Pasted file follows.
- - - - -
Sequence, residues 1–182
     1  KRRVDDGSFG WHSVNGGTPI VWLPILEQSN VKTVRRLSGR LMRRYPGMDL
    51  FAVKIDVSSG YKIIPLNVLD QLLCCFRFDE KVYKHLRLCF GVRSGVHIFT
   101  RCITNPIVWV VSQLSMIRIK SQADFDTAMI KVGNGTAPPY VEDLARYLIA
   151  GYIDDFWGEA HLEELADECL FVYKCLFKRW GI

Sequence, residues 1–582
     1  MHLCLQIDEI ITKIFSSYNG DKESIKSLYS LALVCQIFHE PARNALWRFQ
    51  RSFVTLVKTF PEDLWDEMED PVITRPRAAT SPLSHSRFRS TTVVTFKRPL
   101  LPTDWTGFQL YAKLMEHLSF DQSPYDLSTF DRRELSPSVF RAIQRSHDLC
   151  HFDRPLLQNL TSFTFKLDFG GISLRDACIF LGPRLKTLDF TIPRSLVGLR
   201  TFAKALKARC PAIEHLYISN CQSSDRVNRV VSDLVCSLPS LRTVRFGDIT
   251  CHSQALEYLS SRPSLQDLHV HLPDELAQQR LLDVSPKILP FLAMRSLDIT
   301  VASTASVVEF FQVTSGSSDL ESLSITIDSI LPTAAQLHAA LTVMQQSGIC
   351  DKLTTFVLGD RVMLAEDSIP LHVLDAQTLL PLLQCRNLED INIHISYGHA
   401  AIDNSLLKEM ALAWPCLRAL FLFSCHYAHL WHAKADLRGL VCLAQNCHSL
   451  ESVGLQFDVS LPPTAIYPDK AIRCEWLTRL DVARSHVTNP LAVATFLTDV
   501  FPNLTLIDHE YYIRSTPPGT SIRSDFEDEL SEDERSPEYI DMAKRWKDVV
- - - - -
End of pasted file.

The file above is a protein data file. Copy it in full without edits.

Sequence, residues 1–182
     1  KRRVDDGSFG WHSVNGGTPI VWLPILEQSN VKTVRRLSGR LMRRYPGMDL
    51  FAVKIDVSSG YKIIPLNVLD QLLCCFRFDE KVYKHLRLCF GVRSGVHIFT
   101  RCITNPIVWV VSQLSMIRIK SQADFDTAMI KVGNGTAPPY VEDLARYLIA
   151  GYIDDFWGEA HLEELADECL FVYKCLFKRW GI

Sequence, residues 1–582
     1  MHLCLQIDEI ITKIFSSYNG DKESIKSLYS LALVCQIFHE PARNALWRFQ
    51  RSFVTLVKTF PEDLWDEMED PVITRPRAAT SPLSHSRFRS TTVVTFKRPL
   101  LPTDWTGFQL YAKLMEHLSF DQSPYDLSTF DRRELSPSVF RAIQRSHDLC
   151  HFDRPLLQNL TSFTFKLDFG GISLRDACIF LGPRLKTLDF TIPRSLVGLR
   201  TFAKALKARC PAIEHLYISN CQSSDRVNRV VSDLVCSLPS LRTVRFGDIT
   251  CHSQALEYLS SRPSLQDLHV HLPDELAQQR LLDVSPKILP FLAMRSLDIT
   301  VASTASVVEF FQVTSGSSDL ESLSITIDSI LPTAAQLHAA LTVMQQSGIC
   351  DKLTTFVLGD RVMLAEDSIP LHVLDAQTLL PLLQCRNLED INIHISYGHA
   401  AIDNSLLKEM ALAWPCLRAL FLFSCHYAHL WHAKADLRGL VCLAQNCHSL
   451  ESVGLQFDVS LPPTAIYPDK AIRCEWLTRL DVARSHVTNP LAVATFLTDV
   501  FPNLTLIDHE YYIRSTPPGT SIRSDFEDEL SEDERSPEYI DMAKRWKDVV